"In view of the fact that Russia remains committed to its obligations and supplies the S-300 systems in strict accordance with the schedule, the Islamic Republic of Iran is no longer sees reasons for legal claims," Hosseini said.
He added that "Iran has already received a considerable proportion of the S-300 systems and the necessary training of personnel is now being fulfilled."
Hosseini also expressed hope that the contract will be fully implemented before the end of this year, in line with the previous deal.
In an interview with Sputnik, Ahmad Vakhshiteh, an expert on Russian-Iranian relations, said that he currently sees no reason for Tehran to be displeased with the situation.
He added that "both Iran and Russia admit the importance of bilateral cooperation, even though some time ago, Iran indeed made complaints concerning delays on the delivery of the S-300 systems – something that took place due to objective reasons."
"On the one hand, the anti-Iranian sanctions played their role, and on the other — Russia faced pressure and restrictive measures on the global stage. About three months ago, most of the S-300 systems were delivered to Iran and we expect subsequent deliveries. Therefore, it would be wrong for Iran to make any complaints about the matter," Vakhshiteh said.
He also pointed to the importance of Iran receiving the S-300 systems in terms of its domestic and foreign policy.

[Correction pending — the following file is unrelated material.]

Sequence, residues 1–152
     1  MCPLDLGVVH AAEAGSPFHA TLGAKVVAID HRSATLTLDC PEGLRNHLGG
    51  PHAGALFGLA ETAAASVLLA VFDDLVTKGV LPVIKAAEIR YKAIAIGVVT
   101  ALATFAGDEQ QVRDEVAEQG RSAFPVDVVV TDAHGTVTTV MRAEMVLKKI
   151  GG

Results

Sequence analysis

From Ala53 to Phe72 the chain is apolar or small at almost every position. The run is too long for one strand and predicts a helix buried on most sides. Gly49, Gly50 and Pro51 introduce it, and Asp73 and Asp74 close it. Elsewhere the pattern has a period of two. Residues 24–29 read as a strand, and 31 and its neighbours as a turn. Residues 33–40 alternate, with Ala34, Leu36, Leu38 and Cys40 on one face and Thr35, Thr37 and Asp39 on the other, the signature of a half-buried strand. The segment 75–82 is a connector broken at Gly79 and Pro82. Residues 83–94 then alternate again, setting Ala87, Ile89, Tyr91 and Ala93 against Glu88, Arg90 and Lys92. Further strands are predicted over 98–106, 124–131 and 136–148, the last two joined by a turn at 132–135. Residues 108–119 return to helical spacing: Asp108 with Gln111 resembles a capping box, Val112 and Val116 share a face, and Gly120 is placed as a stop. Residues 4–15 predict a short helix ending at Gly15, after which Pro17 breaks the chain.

"By possessing such a defensive weapon, Iran is able to resolve at least two tasks at once. Firstly, it demonstrates the power of its army and national defense capability in the face of the enemy. Secondly, the S-300 has already become a symbol of fraternal ties between Iran and Russia and effective bilateral cooperation in the military sphere," he said.
Addressing the two's military-technical cooperation, Vakhshiteh said that modern-day global challenges and threats prompt Moscow and Tehran to expand this partnership.
"Our military cooperation in Syria will develop not only in order to help a friendly country to get rid of the yoke of terrorism, but also because security in Syria guarantees security in the Middle East and beyond. Our close military collaboration adds greatly to stability and security not only in Syria, Iraq and the entire Middle East, but even in Central Asian countries," he said.
The 800-million-dollar Moscow-Tehran contract to deliver Russian S-300 systems to Iran was signed in 2007. It was suspended after the adoption of UN Security Council sanctions against Iran in mid-2010.
Russian President Vladimir Putin lifted the S-300 delivery ban in April 2015, shortly after the P5+1 group of international negotiators and Iran reached a framework nuclear agreement to remove all economic sanctions against Tehran in exchange for its pledge to ensure that all nuclear research in the country will be for peaceful purposes.